Ennio Morricone says Quentin Tarantino is “a great director” and maintains that he never said bad things about Tarantino to the German edition of Playboy, which is quoting him as insulting and generally shredding the American director.
The Italian composer said Sunday in a statement on his website that he has instructed his team in Italy to take “civil and penal” legal action against the magazine.
“I have never expressed any negative statements about the Academy, Quentin, or his films — and certainly do not consider his films garbage,” Morricone said.
The E! People’s Choice Awards lit up Santa Monica’s Barker Hangar Sunday night with a revamped show for a modern era, honoring not just Hollywood’s biggest stars but standouts in podcasting, beauty influencing and Canadians. Really.
Many winners showed up to the ceremony with a message to send, including Kim Kardashian West, who spoke of victims of the Thousand Oaks shooting and the still-raging wildfires ravaging California.
With apologies to another controversy-prone administration from decades past, we won’t have Jeff Sessions to kick around anymore after the U.S. attorney general resigned earlier this week.
The move ended months of speculation after Sessions had run afoul of President Trump, and with it ended (for the foreseeable future, anyway) his run on “Saturday Night Live” as portrayed by star Kate McKinnon.
In the cold open of Saturday’s episode, which was to feature host Liev Schreiber and musical guest Lil Wayne, “SNL” bid its own farewell to Sessions. McKinnon, in her now-familiar combover wig and elvish prosthetic ears, popped out from under Sessions’ desk to be escorted out of the White House by Sarah Huckabee Sanders (Aidy Bryant), who pointed out the desk now belonged to acting Atty. Gen. Matthew Whitaker.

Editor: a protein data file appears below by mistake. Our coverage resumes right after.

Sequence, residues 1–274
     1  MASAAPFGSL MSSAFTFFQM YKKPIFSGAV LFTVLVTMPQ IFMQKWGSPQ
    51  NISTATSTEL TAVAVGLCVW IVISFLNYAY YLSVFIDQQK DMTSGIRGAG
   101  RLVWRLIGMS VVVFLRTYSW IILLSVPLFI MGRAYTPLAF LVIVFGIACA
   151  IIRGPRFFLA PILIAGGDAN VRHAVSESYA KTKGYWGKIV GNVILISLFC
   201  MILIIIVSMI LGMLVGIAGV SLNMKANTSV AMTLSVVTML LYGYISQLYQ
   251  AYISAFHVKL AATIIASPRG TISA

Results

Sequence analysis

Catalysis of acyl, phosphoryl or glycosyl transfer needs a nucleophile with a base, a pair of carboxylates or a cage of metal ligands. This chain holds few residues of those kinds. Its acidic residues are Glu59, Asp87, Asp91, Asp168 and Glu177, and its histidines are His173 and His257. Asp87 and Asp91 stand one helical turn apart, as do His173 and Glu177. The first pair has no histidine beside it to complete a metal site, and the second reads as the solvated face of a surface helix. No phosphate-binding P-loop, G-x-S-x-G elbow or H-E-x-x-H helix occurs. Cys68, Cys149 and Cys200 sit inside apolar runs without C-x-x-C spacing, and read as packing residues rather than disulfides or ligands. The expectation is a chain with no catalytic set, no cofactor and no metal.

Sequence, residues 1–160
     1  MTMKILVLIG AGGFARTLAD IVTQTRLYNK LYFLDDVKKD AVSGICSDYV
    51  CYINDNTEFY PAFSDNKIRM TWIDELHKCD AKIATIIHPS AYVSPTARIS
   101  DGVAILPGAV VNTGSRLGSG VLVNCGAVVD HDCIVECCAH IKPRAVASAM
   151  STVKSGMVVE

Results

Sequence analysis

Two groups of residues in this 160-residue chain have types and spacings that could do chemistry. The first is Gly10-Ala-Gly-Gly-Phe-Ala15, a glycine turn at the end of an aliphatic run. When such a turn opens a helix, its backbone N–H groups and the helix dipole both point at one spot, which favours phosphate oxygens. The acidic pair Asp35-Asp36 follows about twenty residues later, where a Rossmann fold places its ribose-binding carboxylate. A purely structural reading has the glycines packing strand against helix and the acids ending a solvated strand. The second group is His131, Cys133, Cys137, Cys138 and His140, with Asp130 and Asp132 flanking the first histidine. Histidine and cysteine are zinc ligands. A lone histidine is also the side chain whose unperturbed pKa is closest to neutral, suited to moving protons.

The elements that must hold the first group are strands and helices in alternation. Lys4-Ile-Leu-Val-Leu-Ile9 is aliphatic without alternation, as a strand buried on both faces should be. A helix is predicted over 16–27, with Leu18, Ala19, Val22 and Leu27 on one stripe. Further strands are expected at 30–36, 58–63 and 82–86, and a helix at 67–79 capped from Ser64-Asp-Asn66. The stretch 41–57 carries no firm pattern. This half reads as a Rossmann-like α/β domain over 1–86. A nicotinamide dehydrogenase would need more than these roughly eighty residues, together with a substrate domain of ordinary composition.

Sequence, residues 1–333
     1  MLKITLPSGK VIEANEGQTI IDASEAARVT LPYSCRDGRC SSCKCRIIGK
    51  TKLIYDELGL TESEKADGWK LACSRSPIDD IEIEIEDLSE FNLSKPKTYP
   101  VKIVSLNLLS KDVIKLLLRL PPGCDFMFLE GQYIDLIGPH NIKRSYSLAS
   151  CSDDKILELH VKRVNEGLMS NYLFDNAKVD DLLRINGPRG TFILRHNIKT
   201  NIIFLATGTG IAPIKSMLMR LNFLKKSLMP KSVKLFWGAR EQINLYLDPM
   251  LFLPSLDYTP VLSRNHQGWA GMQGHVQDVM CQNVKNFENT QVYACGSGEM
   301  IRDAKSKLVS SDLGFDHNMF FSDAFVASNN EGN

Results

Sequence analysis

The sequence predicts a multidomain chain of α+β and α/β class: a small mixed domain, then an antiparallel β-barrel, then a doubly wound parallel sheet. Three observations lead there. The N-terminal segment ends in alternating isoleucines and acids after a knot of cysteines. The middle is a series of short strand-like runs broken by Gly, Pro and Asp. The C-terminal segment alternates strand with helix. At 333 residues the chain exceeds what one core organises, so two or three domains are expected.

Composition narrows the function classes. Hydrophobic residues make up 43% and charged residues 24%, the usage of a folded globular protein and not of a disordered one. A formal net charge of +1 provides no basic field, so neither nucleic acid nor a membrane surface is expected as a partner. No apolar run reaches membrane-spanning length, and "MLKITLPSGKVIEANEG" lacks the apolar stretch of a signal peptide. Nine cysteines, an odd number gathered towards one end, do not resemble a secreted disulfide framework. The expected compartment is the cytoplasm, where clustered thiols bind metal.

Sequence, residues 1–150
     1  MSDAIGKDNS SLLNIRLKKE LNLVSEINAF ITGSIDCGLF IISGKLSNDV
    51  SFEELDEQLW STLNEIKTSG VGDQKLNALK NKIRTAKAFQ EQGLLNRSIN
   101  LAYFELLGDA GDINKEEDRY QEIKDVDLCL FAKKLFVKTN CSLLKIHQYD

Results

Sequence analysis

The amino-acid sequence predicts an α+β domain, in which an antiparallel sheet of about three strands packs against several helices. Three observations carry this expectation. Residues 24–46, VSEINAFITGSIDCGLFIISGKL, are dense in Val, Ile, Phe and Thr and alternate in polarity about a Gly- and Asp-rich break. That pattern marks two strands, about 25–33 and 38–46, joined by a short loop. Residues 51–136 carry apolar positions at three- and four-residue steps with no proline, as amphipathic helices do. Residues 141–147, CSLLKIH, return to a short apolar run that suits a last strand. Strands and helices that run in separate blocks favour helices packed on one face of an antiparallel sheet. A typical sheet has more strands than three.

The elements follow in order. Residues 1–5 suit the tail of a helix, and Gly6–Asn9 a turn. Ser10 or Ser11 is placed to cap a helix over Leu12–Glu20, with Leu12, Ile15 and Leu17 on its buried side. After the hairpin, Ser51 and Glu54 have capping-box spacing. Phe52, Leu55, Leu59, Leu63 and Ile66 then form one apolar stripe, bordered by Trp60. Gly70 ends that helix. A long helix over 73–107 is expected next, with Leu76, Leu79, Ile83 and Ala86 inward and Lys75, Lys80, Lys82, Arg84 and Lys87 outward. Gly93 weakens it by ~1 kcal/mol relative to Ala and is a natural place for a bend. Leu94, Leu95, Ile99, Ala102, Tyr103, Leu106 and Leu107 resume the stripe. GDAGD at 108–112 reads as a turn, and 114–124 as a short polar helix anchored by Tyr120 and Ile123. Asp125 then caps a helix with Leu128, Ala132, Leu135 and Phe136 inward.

Rufus Wainwright still remembers what a weirdo he was when he surfaced in the early 1990s. Back when he left Montreal to “peddle his wares” in New York City, as he put it Friday night, he wasn’t an obvious pop star gunning for radio hits. Not quite “nihilistic or straight enough” in his estimation.
But Los Angeles embraced him, particularly its fellow oddballs such as the musician and composer Van Dyke Parks, music executive Lenny Waronker and producer Jon Brion. In 1998, a few months shy of turning 25, Wainwright released his self-titled debut on DreamWorks Records, proving his early champions right: Wainwright was a visionary artist out of sync with his peers.
And he still is. Celebrating the 20th anniversary of his auspicious start, Wainwright reminded the audience of that when he kicked off his new “All These Poses” tour at the Orpheum Theatre in downtown L.A. on Friday.
Actor Charlie Sheen pleaded on social media for help finding his parents Friday night among the 200,000 people fleeing the devastating Woolsey fire. Hours later, Martin and Janet Sheen were found safe on a Malibu beach by a local news crew.
“I cannot get ahold of my parents,” Charlie Sheen tweeted as the Woolsey fire raged from Thousand Oaks to Malibu, packing Pacific Coast Highway and surrounding areas with panicked evacuees. “If anyone has eyes on them, please let me know that they are safe and sound in the middle of this horrific scenario.”
i cannot get ahold of my parents, Martin and Janet Sheen.
they are in the group, at the staging ground near Zuma Beach.
if anyone has eyes on them, please let me know that they are safe and sound in the middle of this horrific scenario.
Rihanna is strengthening her resolve against President Trump and now has the backing of performing rights company Broadcast Music Inc., which has notified the Trump campaign that it should discontinue use of her music at events.
BMI has removed the Barbadian songstress’ work from a blanket license agreement used for campaigns. In this case, the so-called “political entities license” was an agreement with Donald J. Trump for President Inc., giving the campaign license to play her work.